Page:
Each signal described herein may be designed as positive or negative logic. In the case of a negative logic signal, the signal is active low where the logically true state corresponds to a logic level zero. In the case of a positive logic signal, the signal is active high where the logically true state corresponds to a logic level one. Note that any of the signals described herein can be designed as either negative or positive logic signals. Therefore, in alternate embodiments, those signals described as positive logic signals may be implemented as negative logic signals, and those signals described as negative logic signals may be implemented as positive logic signals.

Those skilled in the art will recognize that the boundaries between logic blocks are merely illustrative and that alternative embodiments may merge logic blocks or circuit elements or impose an alternate decomposition of functionality upon various logic blocks or circuit elements. Thus, it is to be understood that the architectures depicted herein are merely exemplary, and that in fact many other architectures can be implemented which achieve the same functionality. For example, activity analysis units 24 a, 24 b, and 24 c may be “housed” within calibration unit 22.

Thus, any arrangement of components to achieve the same functionality is effectively “associated” such that the desired functionality is achieved. Hence, any two components herein combined to achieve a particular functionality can be seen as “associated with” each other such that the desired functionality is achieved, irrespective of architectures or intermedial components. Likewise, any two components so associated can also be viewed as being “operably connected,” or “operably coupled,” to each other to achieve the desired functionality.

Furthermore, those skilled in the art will recognize that boundaries between the above described operations merely illustrative. The multiple operations may be combined into a single operation, a single operation may be distributed in additional operations and operations may be executed at least partially overlapping in time. Moreover, alternative embodiments may include multiple instances of a particular operation, and the order of operations may be altered in various other embodiments.

Also for example, the examples, or portions thereof, may implemented as soft or code representations of physical circuitry or of logical representations convertible into physical circuitry, such as in a hardware description language of any appropriate type.

Also, the invention is not limited to physical devices or units implemented in non-programmable hardware but can also be applied in programmable devices or units able to perform the desired device functions by operating in accordance with suitable program code, such as mainframes, minicomputers, servers, workstations, personal computers, notepads, personal digital assistants, electronic games, automotive and other embedded systems, cell phones and various other wireless devices, commonly denoted in this application as ‘computer systems’.

However, other modifications, variations and alternatives are also possible. The specifications and drawings are, accordingly, to be regarded in an illustrative rather than in a restrictive sense.

In the claims, any reference signs placed between parentheses shall not be construed as limiting the claim. The word ‘comprising’ does not exclude the presence of other elements or steps then those listed in a claim. Furthermore, the terms “a” or “an,” as used herein, are defined as one or more than one. Also, the use of introductory phrases such as “at least one” and “one or more” in the claims should not be construed to imply that the introduction of another claim element by the indefinite articles “a” or “an” limits any particular claim containing such introduced claim element to inventions containing only one such element, even when the same claim includes the introductory phrases “one or more” or “at least one” and indefinite articles such as “a” or “an.” The same holds true for the use of definite articles. Unless stated otherwise, terms such as “first” and “second” are used to arbitrarily distinguish between the elements such terms describe. Thus, these terms are not necessarily intended to indicate temporal or other prioritization of such elements. The mere fact that certain measures are recited in mutually different claims does not indicate that a combination of these measures cannot be used to advantage.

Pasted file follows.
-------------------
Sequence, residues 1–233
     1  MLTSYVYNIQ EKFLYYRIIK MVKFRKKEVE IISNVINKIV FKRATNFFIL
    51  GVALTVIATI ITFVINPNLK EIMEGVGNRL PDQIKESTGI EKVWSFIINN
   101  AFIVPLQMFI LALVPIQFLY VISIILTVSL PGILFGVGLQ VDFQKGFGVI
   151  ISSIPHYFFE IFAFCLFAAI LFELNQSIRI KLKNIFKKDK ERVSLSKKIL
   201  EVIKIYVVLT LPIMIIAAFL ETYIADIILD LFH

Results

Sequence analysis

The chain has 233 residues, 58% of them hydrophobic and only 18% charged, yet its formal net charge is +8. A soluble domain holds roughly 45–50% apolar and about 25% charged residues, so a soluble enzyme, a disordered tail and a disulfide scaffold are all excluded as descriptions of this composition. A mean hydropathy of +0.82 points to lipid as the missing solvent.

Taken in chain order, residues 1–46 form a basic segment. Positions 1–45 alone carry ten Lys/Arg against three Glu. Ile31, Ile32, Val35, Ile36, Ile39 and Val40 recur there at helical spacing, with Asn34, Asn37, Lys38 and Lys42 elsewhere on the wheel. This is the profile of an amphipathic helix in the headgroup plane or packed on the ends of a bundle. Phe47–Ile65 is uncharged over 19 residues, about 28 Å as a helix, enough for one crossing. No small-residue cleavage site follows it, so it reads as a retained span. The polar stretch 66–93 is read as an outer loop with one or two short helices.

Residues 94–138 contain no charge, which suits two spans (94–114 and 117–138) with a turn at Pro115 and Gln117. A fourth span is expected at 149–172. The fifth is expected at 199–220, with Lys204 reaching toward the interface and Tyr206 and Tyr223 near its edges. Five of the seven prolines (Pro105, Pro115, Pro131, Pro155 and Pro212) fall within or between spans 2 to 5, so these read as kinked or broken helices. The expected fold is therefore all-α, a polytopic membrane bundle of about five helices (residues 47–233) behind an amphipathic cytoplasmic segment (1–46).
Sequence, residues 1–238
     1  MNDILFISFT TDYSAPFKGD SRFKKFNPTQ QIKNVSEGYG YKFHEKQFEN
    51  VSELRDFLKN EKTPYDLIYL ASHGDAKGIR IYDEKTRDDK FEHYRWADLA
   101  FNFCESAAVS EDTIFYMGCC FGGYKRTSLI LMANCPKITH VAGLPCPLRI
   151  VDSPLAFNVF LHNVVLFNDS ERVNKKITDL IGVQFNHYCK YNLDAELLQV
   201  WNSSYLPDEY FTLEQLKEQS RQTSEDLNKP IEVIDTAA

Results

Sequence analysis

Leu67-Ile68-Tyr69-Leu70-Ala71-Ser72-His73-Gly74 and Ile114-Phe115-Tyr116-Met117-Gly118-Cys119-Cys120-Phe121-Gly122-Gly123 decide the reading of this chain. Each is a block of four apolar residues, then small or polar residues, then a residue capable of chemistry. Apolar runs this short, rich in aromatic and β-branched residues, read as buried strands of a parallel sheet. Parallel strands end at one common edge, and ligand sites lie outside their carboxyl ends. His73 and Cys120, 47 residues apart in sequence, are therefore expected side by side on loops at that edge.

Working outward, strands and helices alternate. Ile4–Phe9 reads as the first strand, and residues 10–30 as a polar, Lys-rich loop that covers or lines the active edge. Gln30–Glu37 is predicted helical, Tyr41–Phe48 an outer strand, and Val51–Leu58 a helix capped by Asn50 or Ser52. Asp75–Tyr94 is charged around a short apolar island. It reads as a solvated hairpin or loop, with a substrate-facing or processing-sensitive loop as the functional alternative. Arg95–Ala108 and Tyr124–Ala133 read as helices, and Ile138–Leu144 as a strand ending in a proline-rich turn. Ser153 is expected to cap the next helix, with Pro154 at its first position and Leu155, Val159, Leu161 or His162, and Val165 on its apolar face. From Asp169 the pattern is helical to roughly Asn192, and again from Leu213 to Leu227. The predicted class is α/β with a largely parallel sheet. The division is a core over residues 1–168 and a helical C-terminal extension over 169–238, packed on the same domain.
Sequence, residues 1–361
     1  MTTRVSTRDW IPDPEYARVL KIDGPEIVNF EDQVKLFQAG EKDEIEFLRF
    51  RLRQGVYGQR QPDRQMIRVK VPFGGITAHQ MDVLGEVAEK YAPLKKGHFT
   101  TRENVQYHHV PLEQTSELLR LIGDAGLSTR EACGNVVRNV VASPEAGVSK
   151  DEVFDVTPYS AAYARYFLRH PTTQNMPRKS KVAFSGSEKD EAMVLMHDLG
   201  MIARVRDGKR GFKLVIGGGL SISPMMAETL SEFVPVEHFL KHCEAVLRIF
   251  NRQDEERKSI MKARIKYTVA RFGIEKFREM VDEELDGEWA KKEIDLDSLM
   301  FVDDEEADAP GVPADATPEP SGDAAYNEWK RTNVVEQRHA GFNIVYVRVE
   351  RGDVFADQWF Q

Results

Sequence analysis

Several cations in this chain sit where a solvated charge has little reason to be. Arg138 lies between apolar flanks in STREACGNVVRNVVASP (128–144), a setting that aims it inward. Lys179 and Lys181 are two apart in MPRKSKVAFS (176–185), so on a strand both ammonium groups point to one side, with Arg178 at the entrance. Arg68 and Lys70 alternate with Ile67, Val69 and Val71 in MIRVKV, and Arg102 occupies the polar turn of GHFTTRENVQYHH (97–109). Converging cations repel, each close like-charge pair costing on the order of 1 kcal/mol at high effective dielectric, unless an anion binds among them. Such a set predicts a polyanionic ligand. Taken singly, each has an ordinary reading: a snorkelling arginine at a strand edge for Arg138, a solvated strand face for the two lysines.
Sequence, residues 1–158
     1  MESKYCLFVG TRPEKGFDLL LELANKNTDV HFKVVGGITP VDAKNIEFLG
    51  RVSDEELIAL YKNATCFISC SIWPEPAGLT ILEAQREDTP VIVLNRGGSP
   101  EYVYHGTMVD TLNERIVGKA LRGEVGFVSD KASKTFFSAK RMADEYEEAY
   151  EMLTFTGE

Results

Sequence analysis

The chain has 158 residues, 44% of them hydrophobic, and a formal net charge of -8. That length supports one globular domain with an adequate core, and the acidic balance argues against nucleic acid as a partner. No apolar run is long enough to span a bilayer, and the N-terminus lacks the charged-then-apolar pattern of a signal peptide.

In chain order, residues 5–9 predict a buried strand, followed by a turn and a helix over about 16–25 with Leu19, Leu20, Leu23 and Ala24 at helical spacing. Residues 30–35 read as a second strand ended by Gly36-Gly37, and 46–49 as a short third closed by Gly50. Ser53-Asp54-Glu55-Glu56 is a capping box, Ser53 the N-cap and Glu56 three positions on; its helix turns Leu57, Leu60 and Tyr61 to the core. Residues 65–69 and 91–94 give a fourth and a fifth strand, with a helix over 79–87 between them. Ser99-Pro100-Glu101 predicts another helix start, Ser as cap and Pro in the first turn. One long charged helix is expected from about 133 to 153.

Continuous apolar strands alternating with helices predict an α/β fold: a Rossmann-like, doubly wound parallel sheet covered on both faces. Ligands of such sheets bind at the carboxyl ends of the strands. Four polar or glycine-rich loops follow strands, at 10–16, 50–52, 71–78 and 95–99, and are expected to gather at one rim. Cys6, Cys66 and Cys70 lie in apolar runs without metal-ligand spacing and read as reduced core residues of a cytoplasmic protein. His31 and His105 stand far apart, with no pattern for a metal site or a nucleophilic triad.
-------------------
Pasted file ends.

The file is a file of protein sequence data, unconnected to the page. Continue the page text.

Claims (17)

The invention claimed is:
1. An integrated circuit comprising:
an input/output “I/O” cell arranged to drive an output signal;
an activity analysis unit arranged to generate an activity factor based on the output signal, the activity factor representing a switching activity intensity of the I/O cell, the switching activity intensity associated with an ageing effect of the I/O cell;
a calibration unit arranged to generate a switching pattern signal based on the generated activity factor; and
an I/O calibration cell arranged to be driven by the switching pattern signal, wherein the switching pattern signal emulates the ageing effect of the I/O cell.
2. The integrated circuit of claim 1, wherein the activity analysis unit is arranged to generate the activity factor further based on a clock signal.
3. The integrated circuit of claim 1, further comprising a power supply common to the I/O cell and the I/O calibration cell.
4. The integrated circuit of claim 1, further comprising a plurality of I/O cells, wherein:
each sub-plurality of the plurality of I/O cells forms a cell group type of a data transfer protocol, the cell group type including at least a data cell group, a control cell group, and a strobe cell group of the data transfer protocol, and